Coordination with Health and Human Services
- Indicators coordination. Work with the Head Start Bureau to more closely align indicators of progress and quality between the Even Start program and the Head Start program.
- New HHS initiative. Work with HHS to coordinate EDUs preschool programs with the efforts of the proposed "Early Learning Fund," which would support programs that improve early learning and the quality and safety of child care.
- "Communities Can" initiative. Support HHS' "Communities Can" initiative to promote school-linked services for young children and their families.
- Indicators coordination. Work with HHS to incorporate the Federal Interagency Forum on Child and Family Statistics' indicators of child well-being into all programs; including Even Start.
- Information exchange, research coordination. Use the interagency Early Childhood Research Working Group convened by the National Institute on Early Childhood Development and Education to exchange and share current research-based information about young children and their families and to provide opportunities for interagency research collaboration. Use the findings from this exchange, such as the information provided by the National Institute of Child Health and Human Development on language and literacy development, to improve programs across federal departments.
Programs supporting this objective
|Grants for services
- Head Start
- Title I Preschool
- IDEA Grants for Infants and Families ( Part C)
- IDEA Preschool Grants (Part B)
- IDEA state grants (Part B)
- Even Start
- Inexpensive Book Distribution (Reading is Fundamental)
- Ready to Learn Television
- Goals 2000 Parental Assistance
- National Research Institute for Early Childhood Education
- IDEA: Research and Innovation
- Statistics and Assessment
Technical assistance and dissemination
- Comprehensive Regional Assistance Centers
- IDEA Parent Information Centers
- IDEA: Technical Assistance and Dissemination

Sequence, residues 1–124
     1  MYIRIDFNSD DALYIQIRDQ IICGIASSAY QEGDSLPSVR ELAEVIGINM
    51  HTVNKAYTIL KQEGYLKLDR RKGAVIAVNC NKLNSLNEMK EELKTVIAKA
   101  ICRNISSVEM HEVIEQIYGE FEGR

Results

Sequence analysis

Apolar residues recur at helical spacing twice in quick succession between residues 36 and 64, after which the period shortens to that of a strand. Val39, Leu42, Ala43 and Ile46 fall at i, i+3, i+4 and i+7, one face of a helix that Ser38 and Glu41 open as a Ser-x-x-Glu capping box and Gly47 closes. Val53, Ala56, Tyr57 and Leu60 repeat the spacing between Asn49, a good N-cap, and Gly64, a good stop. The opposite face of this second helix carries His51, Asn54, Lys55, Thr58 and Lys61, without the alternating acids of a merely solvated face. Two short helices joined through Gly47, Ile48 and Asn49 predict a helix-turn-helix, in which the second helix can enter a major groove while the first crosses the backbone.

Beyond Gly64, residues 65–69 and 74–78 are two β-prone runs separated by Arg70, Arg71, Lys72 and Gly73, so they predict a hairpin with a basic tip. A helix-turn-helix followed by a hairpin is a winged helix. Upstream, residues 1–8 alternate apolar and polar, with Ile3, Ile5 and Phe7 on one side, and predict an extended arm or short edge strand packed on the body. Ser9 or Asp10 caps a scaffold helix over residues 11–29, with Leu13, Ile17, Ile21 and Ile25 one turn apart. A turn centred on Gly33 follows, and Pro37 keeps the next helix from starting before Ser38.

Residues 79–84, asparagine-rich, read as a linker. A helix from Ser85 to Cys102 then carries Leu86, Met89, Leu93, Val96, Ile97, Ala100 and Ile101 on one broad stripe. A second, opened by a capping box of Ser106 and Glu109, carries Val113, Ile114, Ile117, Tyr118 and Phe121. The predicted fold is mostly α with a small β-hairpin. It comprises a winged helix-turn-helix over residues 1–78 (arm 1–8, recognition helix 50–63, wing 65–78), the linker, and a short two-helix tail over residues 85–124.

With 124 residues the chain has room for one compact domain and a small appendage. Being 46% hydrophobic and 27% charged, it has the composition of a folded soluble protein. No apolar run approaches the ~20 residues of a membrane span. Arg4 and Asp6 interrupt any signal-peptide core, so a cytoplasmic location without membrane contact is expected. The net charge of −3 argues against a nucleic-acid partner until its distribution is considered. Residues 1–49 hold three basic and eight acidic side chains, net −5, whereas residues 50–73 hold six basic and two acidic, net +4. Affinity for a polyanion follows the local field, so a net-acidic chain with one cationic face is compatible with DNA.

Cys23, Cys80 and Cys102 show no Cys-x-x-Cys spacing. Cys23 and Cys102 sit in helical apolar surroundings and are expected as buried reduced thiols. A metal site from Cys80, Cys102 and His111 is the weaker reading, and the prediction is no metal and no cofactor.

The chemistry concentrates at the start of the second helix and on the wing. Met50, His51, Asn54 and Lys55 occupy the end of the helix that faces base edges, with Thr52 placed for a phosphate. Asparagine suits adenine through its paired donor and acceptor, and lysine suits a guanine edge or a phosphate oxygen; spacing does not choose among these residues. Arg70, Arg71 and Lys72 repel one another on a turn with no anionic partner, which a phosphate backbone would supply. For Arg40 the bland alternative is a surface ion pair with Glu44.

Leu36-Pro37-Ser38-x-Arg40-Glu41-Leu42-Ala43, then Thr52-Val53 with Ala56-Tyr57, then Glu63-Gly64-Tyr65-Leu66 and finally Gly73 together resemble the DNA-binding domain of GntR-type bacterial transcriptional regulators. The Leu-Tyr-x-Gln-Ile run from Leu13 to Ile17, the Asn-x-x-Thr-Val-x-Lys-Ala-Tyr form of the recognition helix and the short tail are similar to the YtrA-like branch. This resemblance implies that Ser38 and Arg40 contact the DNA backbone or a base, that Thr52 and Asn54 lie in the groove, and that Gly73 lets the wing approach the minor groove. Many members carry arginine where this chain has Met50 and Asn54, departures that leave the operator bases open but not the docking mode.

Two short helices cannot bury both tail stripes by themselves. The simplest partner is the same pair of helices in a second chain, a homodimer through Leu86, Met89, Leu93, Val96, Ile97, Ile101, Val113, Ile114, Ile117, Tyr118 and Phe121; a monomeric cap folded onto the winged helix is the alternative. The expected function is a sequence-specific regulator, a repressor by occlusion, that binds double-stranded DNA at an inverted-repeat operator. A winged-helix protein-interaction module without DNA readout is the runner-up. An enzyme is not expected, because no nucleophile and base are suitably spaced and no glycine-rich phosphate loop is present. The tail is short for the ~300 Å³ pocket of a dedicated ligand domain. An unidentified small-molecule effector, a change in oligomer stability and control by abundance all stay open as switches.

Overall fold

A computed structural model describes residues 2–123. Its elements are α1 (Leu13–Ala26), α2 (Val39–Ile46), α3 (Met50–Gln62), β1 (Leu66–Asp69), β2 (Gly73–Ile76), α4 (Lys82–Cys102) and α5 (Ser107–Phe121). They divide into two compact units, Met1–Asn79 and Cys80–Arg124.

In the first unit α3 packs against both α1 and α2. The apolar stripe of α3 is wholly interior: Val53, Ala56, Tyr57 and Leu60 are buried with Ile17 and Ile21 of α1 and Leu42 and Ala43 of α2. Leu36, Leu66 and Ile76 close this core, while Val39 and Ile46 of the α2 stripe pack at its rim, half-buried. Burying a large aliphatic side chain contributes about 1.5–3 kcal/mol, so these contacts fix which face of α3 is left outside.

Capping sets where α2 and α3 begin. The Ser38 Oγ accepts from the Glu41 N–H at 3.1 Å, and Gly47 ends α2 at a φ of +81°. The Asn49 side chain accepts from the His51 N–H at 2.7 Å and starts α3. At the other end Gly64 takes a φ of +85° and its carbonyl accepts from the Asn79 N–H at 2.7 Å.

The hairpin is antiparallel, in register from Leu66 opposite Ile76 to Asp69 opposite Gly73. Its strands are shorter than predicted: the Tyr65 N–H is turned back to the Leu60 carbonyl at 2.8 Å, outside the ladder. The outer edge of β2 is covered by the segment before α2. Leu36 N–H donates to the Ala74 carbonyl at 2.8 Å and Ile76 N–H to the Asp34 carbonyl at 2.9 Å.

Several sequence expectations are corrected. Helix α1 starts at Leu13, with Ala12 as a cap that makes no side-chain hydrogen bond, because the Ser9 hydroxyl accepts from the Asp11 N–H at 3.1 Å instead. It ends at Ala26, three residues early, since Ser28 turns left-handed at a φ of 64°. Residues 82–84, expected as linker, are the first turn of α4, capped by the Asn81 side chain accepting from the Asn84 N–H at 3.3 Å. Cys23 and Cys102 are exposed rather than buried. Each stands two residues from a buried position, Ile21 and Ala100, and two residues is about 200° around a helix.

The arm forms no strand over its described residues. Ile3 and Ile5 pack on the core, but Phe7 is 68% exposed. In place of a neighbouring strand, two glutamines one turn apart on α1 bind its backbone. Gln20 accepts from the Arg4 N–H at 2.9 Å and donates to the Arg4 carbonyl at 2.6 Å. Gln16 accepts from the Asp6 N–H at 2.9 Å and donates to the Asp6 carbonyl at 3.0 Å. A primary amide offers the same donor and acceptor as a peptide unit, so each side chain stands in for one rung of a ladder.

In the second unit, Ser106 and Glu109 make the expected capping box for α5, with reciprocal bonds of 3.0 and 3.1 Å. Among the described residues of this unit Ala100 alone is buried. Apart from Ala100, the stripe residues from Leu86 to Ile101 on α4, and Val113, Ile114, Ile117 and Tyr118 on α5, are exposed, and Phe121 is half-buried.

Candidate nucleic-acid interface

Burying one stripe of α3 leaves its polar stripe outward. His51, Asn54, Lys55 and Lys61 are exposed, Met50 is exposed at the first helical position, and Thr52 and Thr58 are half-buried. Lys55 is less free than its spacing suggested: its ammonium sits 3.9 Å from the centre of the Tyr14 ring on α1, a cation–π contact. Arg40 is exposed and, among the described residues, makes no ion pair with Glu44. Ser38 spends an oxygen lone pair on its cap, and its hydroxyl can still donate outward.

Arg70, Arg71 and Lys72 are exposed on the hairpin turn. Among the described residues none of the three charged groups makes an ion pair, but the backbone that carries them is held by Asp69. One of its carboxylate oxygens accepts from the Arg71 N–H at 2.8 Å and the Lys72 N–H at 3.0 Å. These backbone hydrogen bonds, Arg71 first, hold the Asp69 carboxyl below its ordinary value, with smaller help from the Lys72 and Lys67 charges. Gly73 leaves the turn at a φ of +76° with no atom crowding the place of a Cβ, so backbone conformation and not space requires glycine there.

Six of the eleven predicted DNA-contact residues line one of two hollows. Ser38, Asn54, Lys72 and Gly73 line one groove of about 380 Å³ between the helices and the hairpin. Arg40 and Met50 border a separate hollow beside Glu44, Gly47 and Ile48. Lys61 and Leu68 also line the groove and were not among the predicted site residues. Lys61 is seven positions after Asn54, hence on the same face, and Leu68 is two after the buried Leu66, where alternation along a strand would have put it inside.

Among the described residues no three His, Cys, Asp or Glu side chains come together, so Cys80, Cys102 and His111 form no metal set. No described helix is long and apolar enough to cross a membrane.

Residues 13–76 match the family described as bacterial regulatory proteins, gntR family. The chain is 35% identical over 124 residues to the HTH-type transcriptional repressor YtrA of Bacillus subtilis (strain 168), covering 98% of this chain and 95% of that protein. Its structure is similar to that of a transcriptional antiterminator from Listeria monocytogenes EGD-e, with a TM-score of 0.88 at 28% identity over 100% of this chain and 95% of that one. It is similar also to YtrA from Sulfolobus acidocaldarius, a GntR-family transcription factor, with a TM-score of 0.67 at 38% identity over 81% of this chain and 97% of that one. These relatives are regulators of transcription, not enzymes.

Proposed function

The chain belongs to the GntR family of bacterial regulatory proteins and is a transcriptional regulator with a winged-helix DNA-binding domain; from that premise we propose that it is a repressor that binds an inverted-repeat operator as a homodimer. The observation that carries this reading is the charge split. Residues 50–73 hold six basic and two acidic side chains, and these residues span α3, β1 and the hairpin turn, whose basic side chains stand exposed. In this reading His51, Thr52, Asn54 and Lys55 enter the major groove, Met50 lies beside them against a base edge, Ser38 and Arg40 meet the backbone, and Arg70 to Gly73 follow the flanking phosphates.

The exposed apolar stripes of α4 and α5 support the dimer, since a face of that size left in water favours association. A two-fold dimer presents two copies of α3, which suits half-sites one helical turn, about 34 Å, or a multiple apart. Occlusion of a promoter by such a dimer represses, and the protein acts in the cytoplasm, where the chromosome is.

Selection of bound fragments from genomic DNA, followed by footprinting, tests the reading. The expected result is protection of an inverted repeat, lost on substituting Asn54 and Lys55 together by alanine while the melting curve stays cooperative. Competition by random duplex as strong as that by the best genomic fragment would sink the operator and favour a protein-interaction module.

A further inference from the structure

Selected performance indicators and charts
Performance indicators in the Strategic Plan for objective 2.1 focus on indicators that track the access to learning activities for children prior to kindergarten.
The percentage of 3-to-5-year-olds whose parents read to them or tell them stories regularly will continuously increase. (Goal 2, indicator 3)
Indicator background and context. Reading to children helps them build their vocabularies, an important factor in school success. Thus, frequent reading by parents to their children is an important activity in preparing children for school. Only two-thirds of preschoolers were read to or told stories regularly in 1993. By 1996, the proportion of preschoolers whose parents read to them or told them stories regularly had increased to 72 percent.
Data source. National Center for Education Statistics, National Household Education Survey, 1993, 1996.
The disparity in preschool participation rates between children from high-income families and children from low-income families will become increasingly smaller. (Goal 2, indicator 2)
Indicator background and context. In 1991, 45 percent of 3-to-5-year-olds from low-income families were enrolled in preschool programs, compared to 73 percent of those from high-income families. Despite the importance of improving preschool participation rates for at-risk children, the disparity in preschool participation rates had not improved by 1996.
Data source. National Center for Education Statistics, National Household Education Survey, 1991 - 1996.
Verification/validation of performance measures: Data from independent evaluations of Even Start and other federal programs, as well as statistical surveys of the early childhood education and households conducted by the National Center of Education Statistics (NCES "Early Childhood Longitudinal Study"). The Planning and Evaluation Service monitors the Even Start program through the Even Start Program Information Reporting System information system.